Mr. Bell has challenged the searches of the Range Rover and items therein on the grounds that these searches: (1) were conducted "without a lawful and valid search warrant"; (2) were conducted "in the absence of probable cause and/or exigent circumstances"; (3) were conducted without the consent of the owner(s) of these items; and also on the ground that (4) the second search warrant was not based upon probable cause because it is "deficient on its face, contains information that is stale, and emanates from unreliable individuals." He seeks the suppression of all physical evidence seized from the Range Rover.

Even if one of these arguments was sound, the searches of the Range Rover and the items therein undoubtedly fall within the good faith exception to the warrant requirement. Where, as here, "a motion to suppress evidence obtained pursuant to a warrant does not present a Fourth Amendment argument that should be decided in order to provide instruction to law enforcement or to magistrate judges, it is appropriate for a reviewing court to turn immediately to a consideration of the officers' good faith." United States v. Ninety-Two Thousand Four Hundred Twenty-Two Dollars and Fifty-Seven Cents, 307 F.3d 137, 145 (3d Cir. 2002) (citations omitted). Mr. Bell's argument does not involve any "novel questions of law whose resolution is necessary to guide future action by law enforcement officers and magistrates," and therefore this Court must first determine whether the good faith exception to the warrant requirement applies. Id.

The good faith exception instructs that suppression of evidence "is inappropriate when an officer executes a search in objectively reasonable reliance on a warrant's authority." United States v. Hodge, 246 F.3d 301, 305 (3d Cir. 2001); United States v. Williams, 3 F.3d 69, 74 (1993); see United States v. American Investors of Pittsburgh, Inc., 879 F.2d 1087, 1107 (3d Cir. 1989). The test for whether the good faith exception applies is "whether a reasonably well trained officer would have known that the search was illegal despite the magistrate judge's authorization." Hodge, 246 F.3d at 307; Ninety-Two Thousand Four Hundred Twenty-Two Dollars and Fifty-Seven Cents, 307 F.3d at 145. The mere existence of a warrant typically suffices to prove that an officer conducted a search in good faith and justifies application of the good faith exception. Leon, 468 U.S. at 922 (holding that "searches pursuant to a warrant will rarely require any deep inquiry into reasonableness, ... for a warrant issued by a magistrate normally suffices to establish that a law enforcement officer has acted in good faith in conducting the search."); Ninety-Two Thousand Four Hundred Twenty-Two Dollars and Fifty-Seven Cents, 307 F.3d at 146.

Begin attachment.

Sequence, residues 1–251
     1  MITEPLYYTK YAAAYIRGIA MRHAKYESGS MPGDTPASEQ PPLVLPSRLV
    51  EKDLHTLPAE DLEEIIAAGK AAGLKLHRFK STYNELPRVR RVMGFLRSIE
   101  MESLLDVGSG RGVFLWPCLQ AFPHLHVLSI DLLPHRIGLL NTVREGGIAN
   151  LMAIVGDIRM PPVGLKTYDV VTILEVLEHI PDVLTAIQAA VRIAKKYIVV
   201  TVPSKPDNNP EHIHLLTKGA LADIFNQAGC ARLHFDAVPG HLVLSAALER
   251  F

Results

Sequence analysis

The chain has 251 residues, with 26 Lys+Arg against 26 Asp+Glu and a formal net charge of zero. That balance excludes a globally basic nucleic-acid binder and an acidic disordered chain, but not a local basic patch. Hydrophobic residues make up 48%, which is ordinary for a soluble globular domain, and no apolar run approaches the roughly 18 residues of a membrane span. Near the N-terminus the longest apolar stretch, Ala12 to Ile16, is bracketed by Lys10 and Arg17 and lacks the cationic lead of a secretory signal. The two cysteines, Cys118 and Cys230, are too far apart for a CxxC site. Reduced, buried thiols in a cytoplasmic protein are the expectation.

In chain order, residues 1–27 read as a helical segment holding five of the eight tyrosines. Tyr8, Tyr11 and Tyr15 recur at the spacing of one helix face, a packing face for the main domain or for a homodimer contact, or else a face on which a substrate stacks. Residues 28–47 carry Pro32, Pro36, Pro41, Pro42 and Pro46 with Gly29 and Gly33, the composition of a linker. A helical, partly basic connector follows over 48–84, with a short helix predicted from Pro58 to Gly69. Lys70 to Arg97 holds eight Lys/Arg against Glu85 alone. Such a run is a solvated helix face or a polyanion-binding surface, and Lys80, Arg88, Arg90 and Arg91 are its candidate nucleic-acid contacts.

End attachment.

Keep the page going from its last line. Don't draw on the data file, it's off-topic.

Here, the affidavits in support of the search warrant provided detailed information of criminal activity. Under these circumstances, it was objectively reasonable for the officers conducting the search to believe that probable cause for the warrant was stated and to rely in good faith on the warrant as issued. United States v. Singh, 390 F.3d 168, 183 (2d Cir. 2004) (upholding district court's denial of motion to suppress due to applicability of good faith exception); United States v. Kepner, 843 F.2d 755, 764 (3d Cir. 1988) (reversing district court's suppression order when agent relied in good faith on valid search warrant); United States v. Wecht, 2006 WL 1669879 (W.D. Pa. Jun. 13, 2006) (denying motion to suppress evidence recovered from physician's office because search team members acted reasonably and in good faith in relying on warrant and affidavit). Given that the two challenged searches of the Range Rover and items therein were conducted in good faith reliance upon search warrants issued by federal magistrate judges, supported by detailed affidavits, none of the physical evidence that was collected during these searches must be suppressed.


For the reasons set forth above, Mr. Bell's Motion to Suppress Physical Evidence will be denied. An Order to this effect follows.